Brexit might actually be an opportunity in disguise for Brussels; without the constant British impediment, proponents of the European Union’s Common Security and Defence Policy (CSDP) could actually start building a truly European security structure that is willing and able to intervene in crises and make peace.
By Ulas Doga Eralp*
The Brexit vote took a lot of strategic experts by surprise. Hardly anyone, including the Leave campaign itself, expected a majority of British voters would actually want out. The economic and social implications will be seen in the coming months. More strikingly though, the UK’s departure from the EU will significantly transform the European Union’s footprint in security and peace frameworks. It is imperative to consider how the European Union’s Common Security and Defence Policy structures be impacted and whether the Brexit process would culminate in a more robust defence and security framework for the EU.
A soft power with hard aspirations
Since the 1998 St. Malo Declaration between France and Britain during the Kosovo crisis, the EU has been looking for ways to leverage its so-called “soft power” into a meaningful footprint in conflict intervention. The UK was seen as the key player in the Berlin+ Agreement that allowed for the EU to make use of NATO assets in emergency situations. Over the last 18 years, the EU’s CSDP has failed to bear any fruits to solidify the aspirations of the nineties. NATO’s debacle in Afghanistan and later in Libya proved two things. First, the CSDP never materialized in terms of hard military power. Second, there was never a shared will among EU members to turn CSDP into a standing European Army.
The CSDP remained more an idea than an act. The gradual emergence of a military-police-civilian Euro-bureaucracy has led to a number of rule of law missions in fragile and post-conflict territories, with a heavy concentration on providing trainings to local law enforcement officials. Missions in places such as South Sudan, Somalia, Georgia and the Sahel region are indeed instrumental in capacity building at the local level, but lack teeth in terms of building and supporting defence and deterrence. Many EU countries, primarily France until recently, chose to put the blame on the UK for the lack of development. UK always defended the primacy of NATO over the EU’s CSDP; the Libya areal bombardment further demonstrated that French and British jets were not enough to turn the tables around without US military support. As a result, the division of labor in combat missions between NATO and the EU has continued evolving on an ad-hoc basis. European countries preferred to rely heavily on existing NATO assets rather than fully developing the rapid reaction force concept.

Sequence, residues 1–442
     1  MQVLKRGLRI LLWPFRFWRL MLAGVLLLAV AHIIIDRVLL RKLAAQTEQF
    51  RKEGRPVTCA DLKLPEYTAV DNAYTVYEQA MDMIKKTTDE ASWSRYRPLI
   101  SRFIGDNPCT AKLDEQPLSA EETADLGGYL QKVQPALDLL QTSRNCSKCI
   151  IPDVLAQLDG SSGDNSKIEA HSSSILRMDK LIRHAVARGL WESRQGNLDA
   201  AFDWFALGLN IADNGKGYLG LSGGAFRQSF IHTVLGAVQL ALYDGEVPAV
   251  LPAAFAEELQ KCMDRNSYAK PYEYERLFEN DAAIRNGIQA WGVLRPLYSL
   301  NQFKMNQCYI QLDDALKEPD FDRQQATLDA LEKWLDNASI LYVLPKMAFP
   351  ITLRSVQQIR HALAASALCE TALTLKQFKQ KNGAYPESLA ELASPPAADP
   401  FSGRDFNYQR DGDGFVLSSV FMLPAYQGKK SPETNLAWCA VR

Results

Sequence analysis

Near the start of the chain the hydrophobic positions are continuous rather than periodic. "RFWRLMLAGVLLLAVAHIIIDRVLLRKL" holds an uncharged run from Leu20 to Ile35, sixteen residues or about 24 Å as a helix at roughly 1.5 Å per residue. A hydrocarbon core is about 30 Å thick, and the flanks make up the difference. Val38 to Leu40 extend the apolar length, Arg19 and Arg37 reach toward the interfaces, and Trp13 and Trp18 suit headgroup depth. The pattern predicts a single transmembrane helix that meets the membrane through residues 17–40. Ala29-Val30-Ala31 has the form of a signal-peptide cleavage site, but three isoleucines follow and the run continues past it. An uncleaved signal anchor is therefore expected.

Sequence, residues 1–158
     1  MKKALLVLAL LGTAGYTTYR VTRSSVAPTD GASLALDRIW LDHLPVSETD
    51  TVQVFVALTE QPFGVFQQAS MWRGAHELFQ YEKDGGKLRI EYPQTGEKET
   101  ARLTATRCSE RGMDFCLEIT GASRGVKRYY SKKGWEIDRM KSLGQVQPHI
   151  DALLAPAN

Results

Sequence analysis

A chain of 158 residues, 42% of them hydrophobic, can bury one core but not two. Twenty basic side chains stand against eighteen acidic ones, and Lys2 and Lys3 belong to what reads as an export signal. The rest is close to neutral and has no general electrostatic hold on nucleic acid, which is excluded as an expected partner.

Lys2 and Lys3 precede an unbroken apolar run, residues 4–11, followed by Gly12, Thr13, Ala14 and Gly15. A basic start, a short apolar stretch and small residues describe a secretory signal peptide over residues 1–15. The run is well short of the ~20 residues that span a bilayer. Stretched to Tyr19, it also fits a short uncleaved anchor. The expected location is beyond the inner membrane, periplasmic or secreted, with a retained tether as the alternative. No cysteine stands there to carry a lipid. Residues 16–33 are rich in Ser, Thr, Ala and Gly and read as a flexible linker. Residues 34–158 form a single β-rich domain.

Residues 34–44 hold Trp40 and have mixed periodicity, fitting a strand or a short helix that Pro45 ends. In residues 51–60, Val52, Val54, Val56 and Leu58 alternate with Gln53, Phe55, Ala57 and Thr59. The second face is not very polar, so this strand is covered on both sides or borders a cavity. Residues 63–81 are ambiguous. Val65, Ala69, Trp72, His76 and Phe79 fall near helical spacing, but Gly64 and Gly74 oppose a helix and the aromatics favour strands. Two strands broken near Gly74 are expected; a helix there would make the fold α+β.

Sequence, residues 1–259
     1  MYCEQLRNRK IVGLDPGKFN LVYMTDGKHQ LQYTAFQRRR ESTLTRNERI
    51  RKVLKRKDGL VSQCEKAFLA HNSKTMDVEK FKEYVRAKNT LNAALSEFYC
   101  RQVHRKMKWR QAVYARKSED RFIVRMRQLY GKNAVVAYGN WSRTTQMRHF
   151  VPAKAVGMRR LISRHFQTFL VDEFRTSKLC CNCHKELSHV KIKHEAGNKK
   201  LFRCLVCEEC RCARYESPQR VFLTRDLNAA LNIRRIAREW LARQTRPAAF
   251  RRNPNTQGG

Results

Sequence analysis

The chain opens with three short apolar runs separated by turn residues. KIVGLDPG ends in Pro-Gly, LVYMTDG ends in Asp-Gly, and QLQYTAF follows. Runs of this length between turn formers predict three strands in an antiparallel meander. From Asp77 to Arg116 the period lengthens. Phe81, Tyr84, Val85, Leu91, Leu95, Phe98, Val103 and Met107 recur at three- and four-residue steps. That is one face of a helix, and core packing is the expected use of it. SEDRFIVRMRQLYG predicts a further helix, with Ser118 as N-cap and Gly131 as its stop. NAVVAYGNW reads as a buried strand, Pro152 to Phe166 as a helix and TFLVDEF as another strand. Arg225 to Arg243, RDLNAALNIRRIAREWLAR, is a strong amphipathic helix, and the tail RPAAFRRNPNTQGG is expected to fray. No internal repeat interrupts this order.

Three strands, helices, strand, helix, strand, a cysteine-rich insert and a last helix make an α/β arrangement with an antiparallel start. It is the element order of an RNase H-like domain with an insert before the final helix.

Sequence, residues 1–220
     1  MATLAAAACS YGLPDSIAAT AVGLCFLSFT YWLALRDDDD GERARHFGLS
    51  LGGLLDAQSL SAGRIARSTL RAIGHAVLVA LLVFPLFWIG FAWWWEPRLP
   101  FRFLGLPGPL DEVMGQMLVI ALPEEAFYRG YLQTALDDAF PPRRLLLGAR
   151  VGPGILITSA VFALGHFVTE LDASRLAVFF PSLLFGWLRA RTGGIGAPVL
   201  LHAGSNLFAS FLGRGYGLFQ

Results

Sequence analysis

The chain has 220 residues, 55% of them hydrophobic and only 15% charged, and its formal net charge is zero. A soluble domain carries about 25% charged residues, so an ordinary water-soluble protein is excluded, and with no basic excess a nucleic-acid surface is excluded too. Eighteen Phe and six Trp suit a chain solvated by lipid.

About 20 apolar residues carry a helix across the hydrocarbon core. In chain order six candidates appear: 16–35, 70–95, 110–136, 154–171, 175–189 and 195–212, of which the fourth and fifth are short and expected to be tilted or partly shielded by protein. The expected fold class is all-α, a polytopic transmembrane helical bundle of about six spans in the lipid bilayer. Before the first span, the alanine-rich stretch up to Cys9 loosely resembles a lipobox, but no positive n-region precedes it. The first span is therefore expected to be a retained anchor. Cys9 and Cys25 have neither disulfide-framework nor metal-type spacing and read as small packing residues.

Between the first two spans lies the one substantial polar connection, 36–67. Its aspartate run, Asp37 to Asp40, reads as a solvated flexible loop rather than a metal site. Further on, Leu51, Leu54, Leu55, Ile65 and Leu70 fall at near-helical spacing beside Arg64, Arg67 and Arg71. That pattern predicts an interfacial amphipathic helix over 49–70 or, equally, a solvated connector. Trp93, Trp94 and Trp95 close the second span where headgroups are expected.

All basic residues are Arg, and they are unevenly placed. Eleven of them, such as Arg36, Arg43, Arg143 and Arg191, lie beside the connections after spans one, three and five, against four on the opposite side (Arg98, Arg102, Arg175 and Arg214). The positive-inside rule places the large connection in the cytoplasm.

Second, whatever was left of the earlier aspirations of developing a standing European Army eroded with the Eurozone crisis. When you consider that the UK and France’s military spending make up 50% of the overall EU spending on military and deterrence capabilities, the UK’s exit from the EU is a blow to building-up an EU military. No wonder US President, Barack Obama, campaigned heavily against Brexit; Washington’s changing pivot to Trans-Pacific envisions a militarily self-reliant European where NATO plays more of a supportive role. However, when the push comes to shove, Baltic countries along with Poland who feel the re-emergence of the Russian firepower, prefer to rely on the proven NATO assets than fictitious EU CSDP tools. Furthermore countries such as Italy, Spain, Holland and even Germany would not be willing to divert their attention from dealing with the economic crisis to increasing military spending for a European Army.
Nevertheless, even amid the never-ending economic stagnation, the political uncertainties unearthed by the refugee crisis and now Brexit, the EU has to make a decision. Brexit might actually be an opportunity in disguise for Brussels; without the constant British impediment, proponents of the CSDP could actually start building a truly European security structure that is willing and able to intervene in crises and make peace. European leaders somehow need to find a way to sell the idea to their constituencies. If that’s not really a possibility, maybe it’s time to give up on the idea altogether.
*Dr. Ulas Doga Eralp is a scholar and practitioner of international conflict, human rights, development and democratization. He has a PhD from the School for Conflict Analysis and Resolution from George Mason University, and currently works as a Professorial Lecturer at the International Peace and Conflict Resolution Program of the School of International Service (SIS) at American University in Washington, DC.
The views expressed in this article do not necessarily reflect the views of TransConflict.
Please Donate Today
Did you enjoy this article? Then please consider donating today to ensure that Eurasia Review can continue to be able to provide similar content.